What you’re going to hear in this book is the passionate heart of a thoughtful youth worker who is unwilling to let standard youth ministry operating procedure get in the away of authentic, vital ministry. You won’t have to agree with everything Brock says to recognize that he’s asking important questions. This isn’t just hand-wringing. Particularly in the last few chapters there are some helpful, practical steps for the way forward. Well-worth a read!
Dr. Duffy Robbins, Professor of Youth Ministry, Eastern University, St Davids, PA

download a sample if you want. but you’re gonna want to read this thing. check it, here.

Redefining the Role of the Youth Worker

cover-concepts4dat last year’s Summit, april diaz gave a talk on a topic i’d asked her to focus on: Redefining the Role of the Youth Worker. i knew she would do great. but i didn’t know she’d be THAT great (like, one of the best talks at the event). instantly, i knew it had to become a book.

now, slightly less than a year later, april’s book of that same title has released this week! i’m going on record and saying that every youth worker has to read this book (yeah, i know i’m the publisher, and we benefit if you believe me — but that’s not the reason i wrote that sentence!).

here are a few paragraphs from the end of chapter 1 (actually, you can download a longer sample here):

May I begin this book with a confession? In my church context, we were fairly content with being insane. We knew we weren’t operating at full capacity, but students were still showing up. It’s not like we’d totally destructed. We were tweaking things here and there, yet we still weren’t seeing tangible results. I felt a holy discontent that things were not as they should be, and that discontent would not let me go. The catalyst for us in reimagining the role of the youth worker was a staffing transition that presented an opportunity for real change. But honestly, the catalyst should have been the names and stories of graduated teenagers who were deeply struggling in their faith or no longer walking with Jesus.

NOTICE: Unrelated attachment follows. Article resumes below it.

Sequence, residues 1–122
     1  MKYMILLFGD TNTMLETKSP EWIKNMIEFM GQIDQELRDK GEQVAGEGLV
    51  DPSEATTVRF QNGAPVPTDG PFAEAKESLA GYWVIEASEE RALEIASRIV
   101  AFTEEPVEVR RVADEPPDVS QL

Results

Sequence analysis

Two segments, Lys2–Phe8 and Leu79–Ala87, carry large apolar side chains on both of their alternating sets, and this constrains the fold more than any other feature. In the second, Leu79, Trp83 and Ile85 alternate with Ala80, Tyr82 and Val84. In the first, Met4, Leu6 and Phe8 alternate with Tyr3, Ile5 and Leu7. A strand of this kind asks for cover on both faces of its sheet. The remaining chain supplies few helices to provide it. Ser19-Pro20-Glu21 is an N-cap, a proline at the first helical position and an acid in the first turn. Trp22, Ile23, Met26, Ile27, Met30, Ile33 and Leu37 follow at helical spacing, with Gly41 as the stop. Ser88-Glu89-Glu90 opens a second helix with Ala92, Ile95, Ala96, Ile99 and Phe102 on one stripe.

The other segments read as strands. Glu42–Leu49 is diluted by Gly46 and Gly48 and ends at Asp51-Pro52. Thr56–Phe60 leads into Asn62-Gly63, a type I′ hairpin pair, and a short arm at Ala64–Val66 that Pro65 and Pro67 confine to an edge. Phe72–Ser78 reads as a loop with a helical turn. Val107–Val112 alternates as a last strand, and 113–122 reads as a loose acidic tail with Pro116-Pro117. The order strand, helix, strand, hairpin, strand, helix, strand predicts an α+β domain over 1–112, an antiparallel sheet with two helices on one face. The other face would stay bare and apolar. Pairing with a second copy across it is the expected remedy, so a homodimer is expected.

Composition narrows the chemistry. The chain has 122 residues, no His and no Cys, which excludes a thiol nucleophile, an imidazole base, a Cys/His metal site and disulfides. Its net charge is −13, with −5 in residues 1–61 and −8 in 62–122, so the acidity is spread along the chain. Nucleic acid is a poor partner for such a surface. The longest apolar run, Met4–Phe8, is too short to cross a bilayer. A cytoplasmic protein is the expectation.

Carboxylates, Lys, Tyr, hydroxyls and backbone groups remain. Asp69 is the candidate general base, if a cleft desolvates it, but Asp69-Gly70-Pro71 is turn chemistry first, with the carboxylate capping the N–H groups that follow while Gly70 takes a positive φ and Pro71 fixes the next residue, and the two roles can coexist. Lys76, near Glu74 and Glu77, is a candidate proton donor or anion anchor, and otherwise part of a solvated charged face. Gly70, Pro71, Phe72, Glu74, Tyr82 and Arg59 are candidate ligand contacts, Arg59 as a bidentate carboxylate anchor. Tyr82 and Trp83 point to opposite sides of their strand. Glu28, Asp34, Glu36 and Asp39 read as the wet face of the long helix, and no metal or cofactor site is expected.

In each of the first three Gospels where Jesus discusses fasting, he speaks some haunting words, “And no one puts new wine into old wineskins. For the old skins would burst from the pressure, spilling the wine and ruining the skins. New wine is stored in new wineskins so that both are preserved” (Matthew 9:17; Mark 2:22; Luke 5:37-38 NLT). I wonder why Jesus declares these words in a discussion on fasting? What do fasting, prayer, and wine have to do with each other? My hunch is that Jesus was hinting at the ancient truth that with any necessary change and maturing growth, a period of fasting and reflection must come.